Excellent tumor controls are reported after radiotherapy (>90%). The major complications after radiotherapy are neovascular glaucoma, radiation-related retinopathy and neuropathy, long-standing exudative retinal detachment, and cataract.


   Transscleral Resection Top


Transscleral resection (TSR) of CM is a viable although a technically demanding modality of treatment. Tumors with thickness >6 mm and basal diameter <17 mm, with <1/3 of ciliary body involvement, not involving the ONH with goal on preserving some form of visual acuity can be dealt with TSR. Studies comparing TSR with brachytherapy have found higher recurrences in the former although with a better visual acuity.[61] TSR has also found its role in “toxic tumor syndrome” a peculiar complication seen after radiation therapy. It consists of severe exudation, nonresolving retinal detachment, and secondary glaucoma with the tumor acting as the nidus for inflammation. TSR has been shown to be an effective modality in treating such cases with excellent resolution of the aforementioned clinical features.[62] Complications associated with TSR are rhegmatogenous retinal detachment, vitreous hemorrhage, and tumor recurrences.


   Endoresection Top


With risk of tumor seeding, endoresection and its role in the management of CM are controversial. In general, tumors <10 mm in LBD, with <2–3 clock hours of ONH involvement and those motivated to preserve vision, can be given this option. Greater tumor thickness is not a contraindication. In a study by Konstantinidis et al.,[63] endoresection gave excellent tumor control (recurrence rate of 3.2%) in well-selected cases. This modality is either employed after radiation to remove the residual tumor or is done along with brachytherapy at the same sitting.


   Enucleation Top


With fallacy of Zimmermann's hypothesis proven, enucleation has been playing an important role in managing CM. Primary enucleation for CM can be planned in large tumors (having thickness >12 mm and LBD >18 mm), in those presenting with moderate extrascleral extension and those completely encircling the ONH. It can be planned as a secondary intervention in cases of painful blind eye after radiotherapy and cases presenting with extensive recurrences. Reported secondary enucleation rates have varied between 3.9% and 31.2% with a recent paper citing 19%.[64]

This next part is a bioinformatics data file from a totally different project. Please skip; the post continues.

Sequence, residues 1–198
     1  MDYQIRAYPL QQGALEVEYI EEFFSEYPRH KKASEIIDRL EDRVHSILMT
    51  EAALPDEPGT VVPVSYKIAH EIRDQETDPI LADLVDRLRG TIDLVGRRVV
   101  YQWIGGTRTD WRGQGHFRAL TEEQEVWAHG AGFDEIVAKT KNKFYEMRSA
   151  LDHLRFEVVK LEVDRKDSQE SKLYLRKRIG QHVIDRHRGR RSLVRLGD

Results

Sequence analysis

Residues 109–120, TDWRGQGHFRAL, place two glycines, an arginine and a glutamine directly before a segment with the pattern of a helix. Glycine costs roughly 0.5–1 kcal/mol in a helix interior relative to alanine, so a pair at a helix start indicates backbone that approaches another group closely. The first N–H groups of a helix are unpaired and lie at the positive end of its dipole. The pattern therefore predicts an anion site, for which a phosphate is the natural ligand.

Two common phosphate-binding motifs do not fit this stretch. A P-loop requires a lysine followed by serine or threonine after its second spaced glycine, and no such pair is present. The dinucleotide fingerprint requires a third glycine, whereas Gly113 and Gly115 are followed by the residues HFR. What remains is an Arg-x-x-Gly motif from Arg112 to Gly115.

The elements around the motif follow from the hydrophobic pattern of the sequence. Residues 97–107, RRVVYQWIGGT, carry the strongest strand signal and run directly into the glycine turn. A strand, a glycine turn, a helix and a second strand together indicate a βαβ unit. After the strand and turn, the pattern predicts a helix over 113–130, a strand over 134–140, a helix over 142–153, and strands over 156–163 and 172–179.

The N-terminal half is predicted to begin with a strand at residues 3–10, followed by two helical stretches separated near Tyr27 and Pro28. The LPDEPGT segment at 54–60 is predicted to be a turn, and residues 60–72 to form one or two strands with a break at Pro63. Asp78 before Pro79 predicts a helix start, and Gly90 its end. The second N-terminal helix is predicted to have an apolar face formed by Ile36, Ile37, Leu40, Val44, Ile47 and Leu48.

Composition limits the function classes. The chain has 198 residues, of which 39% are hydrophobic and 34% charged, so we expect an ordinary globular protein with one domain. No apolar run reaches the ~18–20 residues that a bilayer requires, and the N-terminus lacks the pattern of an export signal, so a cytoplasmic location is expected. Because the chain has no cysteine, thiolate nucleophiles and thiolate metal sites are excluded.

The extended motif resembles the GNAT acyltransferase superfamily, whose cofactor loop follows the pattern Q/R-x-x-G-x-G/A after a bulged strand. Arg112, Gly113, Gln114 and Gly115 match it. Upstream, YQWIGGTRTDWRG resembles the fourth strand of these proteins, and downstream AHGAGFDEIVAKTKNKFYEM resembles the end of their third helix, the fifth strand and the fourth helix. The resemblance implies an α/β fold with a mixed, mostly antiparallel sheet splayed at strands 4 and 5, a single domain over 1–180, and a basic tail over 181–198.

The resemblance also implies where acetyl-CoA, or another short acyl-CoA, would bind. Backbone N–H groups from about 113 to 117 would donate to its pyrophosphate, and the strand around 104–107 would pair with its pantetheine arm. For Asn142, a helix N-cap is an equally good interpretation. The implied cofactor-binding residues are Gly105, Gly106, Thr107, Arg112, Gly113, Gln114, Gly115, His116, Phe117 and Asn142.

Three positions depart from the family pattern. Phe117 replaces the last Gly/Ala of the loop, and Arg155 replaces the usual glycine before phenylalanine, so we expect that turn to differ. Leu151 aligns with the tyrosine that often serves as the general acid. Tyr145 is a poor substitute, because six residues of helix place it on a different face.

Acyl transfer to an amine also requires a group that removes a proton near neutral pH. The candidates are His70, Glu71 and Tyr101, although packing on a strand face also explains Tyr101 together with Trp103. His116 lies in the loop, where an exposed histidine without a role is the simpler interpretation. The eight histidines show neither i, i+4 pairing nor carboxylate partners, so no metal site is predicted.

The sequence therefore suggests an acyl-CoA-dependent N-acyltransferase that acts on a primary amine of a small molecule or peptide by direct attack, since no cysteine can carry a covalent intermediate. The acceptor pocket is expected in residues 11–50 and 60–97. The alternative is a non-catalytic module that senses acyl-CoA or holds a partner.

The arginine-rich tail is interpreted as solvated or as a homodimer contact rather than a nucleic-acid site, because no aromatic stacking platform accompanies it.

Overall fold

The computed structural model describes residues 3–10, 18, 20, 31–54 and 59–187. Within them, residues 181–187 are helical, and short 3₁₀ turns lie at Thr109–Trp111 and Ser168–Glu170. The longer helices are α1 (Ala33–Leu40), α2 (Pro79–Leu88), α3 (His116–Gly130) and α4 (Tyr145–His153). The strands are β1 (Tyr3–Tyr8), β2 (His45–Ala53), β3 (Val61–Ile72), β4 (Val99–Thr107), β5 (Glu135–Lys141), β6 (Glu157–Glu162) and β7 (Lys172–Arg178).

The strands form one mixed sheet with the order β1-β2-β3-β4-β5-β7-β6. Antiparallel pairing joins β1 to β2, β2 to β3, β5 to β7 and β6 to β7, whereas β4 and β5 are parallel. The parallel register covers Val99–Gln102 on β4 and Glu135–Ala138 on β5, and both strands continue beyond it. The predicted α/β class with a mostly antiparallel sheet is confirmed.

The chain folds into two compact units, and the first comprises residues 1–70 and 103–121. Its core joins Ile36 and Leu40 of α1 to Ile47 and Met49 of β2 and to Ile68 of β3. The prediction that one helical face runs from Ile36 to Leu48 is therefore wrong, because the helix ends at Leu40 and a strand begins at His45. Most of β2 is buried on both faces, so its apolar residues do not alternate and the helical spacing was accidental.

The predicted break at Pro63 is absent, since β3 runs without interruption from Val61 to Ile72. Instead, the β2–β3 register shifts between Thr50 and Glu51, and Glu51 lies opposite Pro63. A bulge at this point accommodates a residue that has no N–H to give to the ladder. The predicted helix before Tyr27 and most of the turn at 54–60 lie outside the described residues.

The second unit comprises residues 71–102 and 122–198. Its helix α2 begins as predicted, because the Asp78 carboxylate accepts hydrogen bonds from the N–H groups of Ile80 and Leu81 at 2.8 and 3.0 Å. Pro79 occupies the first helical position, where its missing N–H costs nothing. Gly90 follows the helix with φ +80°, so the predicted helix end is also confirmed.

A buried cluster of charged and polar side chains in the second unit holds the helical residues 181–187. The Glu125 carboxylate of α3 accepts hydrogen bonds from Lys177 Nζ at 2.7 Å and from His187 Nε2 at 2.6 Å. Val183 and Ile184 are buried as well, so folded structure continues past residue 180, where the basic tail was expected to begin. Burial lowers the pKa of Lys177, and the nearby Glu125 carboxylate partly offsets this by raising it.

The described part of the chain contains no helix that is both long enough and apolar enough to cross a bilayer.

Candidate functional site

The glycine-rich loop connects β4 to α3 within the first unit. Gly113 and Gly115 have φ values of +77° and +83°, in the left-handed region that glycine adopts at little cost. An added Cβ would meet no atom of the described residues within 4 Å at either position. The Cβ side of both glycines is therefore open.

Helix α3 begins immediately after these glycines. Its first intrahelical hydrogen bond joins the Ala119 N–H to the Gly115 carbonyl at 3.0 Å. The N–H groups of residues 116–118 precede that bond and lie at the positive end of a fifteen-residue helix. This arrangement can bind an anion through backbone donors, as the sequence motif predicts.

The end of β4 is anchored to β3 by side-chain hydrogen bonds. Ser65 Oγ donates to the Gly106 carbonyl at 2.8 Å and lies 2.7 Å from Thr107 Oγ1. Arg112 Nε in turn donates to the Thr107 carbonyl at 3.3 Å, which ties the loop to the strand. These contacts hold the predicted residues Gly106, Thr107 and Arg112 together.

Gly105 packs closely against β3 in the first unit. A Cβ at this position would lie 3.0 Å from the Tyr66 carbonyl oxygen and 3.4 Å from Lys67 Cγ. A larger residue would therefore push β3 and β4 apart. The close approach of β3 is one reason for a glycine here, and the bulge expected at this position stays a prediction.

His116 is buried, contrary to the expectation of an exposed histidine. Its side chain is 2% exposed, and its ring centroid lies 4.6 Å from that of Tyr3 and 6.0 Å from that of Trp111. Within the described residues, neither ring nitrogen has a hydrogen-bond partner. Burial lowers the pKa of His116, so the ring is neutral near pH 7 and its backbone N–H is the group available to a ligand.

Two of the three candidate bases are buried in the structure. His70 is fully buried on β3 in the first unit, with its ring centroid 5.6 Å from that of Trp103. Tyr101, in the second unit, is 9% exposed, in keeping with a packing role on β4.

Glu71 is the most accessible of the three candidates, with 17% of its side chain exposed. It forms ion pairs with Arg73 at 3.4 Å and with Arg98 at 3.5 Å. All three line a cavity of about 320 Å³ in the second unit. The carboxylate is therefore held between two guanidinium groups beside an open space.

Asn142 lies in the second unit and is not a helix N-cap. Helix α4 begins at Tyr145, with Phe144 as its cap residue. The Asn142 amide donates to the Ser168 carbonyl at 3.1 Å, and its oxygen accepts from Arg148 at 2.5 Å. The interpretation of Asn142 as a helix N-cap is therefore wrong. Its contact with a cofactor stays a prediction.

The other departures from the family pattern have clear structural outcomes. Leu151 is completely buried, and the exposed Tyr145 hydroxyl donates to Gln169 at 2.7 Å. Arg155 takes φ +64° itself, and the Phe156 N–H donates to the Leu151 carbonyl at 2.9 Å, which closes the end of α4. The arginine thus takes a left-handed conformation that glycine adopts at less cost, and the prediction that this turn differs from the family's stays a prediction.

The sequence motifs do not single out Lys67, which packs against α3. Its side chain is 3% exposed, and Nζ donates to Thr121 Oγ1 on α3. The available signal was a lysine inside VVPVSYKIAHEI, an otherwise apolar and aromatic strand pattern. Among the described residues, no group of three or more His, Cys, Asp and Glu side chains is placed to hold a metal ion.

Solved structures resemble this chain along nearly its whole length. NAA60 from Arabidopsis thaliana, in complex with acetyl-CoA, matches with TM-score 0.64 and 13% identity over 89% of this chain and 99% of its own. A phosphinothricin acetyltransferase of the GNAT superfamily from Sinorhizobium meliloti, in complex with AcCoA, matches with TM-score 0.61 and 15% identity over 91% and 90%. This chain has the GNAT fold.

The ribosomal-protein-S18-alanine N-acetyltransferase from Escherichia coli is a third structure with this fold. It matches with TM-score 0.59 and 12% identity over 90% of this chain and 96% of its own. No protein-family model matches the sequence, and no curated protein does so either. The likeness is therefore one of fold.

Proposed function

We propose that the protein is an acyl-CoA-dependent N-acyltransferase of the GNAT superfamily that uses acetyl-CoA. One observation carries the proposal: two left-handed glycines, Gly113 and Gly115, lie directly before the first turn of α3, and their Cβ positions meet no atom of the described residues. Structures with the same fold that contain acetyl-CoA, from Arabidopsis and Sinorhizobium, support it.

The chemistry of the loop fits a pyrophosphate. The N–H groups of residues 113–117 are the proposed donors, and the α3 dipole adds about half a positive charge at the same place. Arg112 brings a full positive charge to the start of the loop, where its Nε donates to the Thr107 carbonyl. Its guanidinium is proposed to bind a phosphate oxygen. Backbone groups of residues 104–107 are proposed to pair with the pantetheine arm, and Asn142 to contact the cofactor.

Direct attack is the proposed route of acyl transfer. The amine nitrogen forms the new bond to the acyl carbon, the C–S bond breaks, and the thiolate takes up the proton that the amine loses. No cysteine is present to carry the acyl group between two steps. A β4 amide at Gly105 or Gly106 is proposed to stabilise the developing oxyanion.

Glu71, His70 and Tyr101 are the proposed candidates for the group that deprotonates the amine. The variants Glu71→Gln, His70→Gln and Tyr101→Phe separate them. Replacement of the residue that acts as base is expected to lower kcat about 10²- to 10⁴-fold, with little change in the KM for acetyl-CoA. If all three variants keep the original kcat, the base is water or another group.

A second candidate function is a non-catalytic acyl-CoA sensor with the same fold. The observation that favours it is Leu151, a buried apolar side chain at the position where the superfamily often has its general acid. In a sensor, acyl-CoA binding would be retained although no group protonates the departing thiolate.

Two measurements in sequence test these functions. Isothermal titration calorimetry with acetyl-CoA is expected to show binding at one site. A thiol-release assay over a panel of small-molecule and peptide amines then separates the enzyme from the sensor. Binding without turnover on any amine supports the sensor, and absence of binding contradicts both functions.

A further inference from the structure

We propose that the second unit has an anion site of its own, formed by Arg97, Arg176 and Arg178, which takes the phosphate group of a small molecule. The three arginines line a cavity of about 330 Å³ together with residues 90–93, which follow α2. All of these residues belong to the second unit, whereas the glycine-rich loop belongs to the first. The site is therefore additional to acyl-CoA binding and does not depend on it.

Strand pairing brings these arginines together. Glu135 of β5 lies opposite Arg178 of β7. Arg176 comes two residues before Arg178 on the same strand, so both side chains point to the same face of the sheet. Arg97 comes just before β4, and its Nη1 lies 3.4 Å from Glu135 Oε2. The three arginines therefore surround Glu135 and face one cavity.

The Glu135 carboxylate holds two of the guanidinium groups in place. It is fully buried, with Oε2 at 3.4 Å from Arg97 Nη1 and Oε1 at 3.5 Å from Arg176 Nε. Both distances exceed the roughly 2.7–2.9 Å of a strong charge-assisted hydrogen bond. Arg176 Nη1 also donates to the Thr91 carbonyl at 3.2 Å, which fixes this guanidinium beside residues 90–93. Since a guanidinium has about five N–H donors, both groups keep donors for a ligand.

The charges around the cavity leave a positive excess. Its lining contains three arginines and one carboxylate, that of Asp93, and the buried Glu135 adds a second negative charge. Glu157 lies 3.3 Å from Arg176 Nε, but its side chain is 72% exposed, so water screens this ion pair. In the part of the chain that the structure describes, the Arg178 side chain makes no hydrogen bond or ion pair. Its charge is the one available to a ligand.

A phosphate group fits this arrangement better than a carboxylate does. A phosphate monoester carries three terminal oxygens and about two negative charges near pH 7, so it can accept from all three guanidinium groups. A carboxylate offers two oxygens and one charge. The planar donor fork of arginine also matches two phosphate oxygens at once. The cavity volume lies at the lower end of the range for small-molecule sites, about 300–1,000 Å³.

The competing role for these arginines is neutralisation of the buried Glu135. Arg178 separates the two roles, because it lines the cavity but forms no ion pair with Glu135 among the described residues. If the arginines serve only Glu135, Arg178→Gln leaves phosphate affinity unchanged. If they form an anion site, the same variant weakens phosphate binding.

Various treatment modalities were used for management our cohort. Majority of our patients had a large melanoma with primary enucleation with ball implant being the most common modality of treatment used in 67 (69.08%) patients. Two (2.06%) patients were observed. Episcleral brachytherapy with iodine-125 was used in 26 (26.80%) of our patients. Two (2.06%) had exenteration in view of local spread. Secondary enucleation rate was 23.52% (8) in our patients. The most common cause of secondary enucleation in our study population was secondary glaucoma. The second most common cause was tumor recurrence. Radiation retinopathy was observed in 14 (53.8%) necessitating antivascular endothelial growth factor injections. On assessing final vision in patients who underwent eye salvage procedures, 5 (14.7%) vision remained same, whereas in 4 (11.76%), there was improvement in vision, while 25 (73.52%) vision deteriorated after treatment.

A complete evaluation of tumor characteristics and metastatic rate with survival rates is still being evaluated.

A short tabular form showing various treatment modalities is depicted in [Table 3].
Table 3: Outlining various treatment modalities in choroidal melanoma

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   Conclusion Top


With high mortality and a poor prognosis, CM is indeed a tumor which needs early recognition with prompt treatment. Further genetic insights may reveal secrets which will not only help in its better understanding but also help in its better management.

Financial support and sponsorship

Nil.

Conflicts of interest

There are no conflicts of interest.

 
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    Figures

  [Figure 1], [Figure 2], [Figure 3]
 
 
    Tables

  [Table 1], [Table 2], [Table 3]



 

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  In this article
    Abstract
   Introduction
   Epidemiology
    Ocular Predispos...
    Genetics in Uvea...
    Clinical Feature...
    Clinical Feature...
    Classification o...
    Screening Protoc...
   Histopathology
    Fine-Needle Aspi...
    Collaborative Oc...
   Management
    Transpupillary T...
   Radiotherapy
    Transscleral Res...
   Endoresection
   Enucleation
   Conclusion
    References
    Article Figures
    Article Tables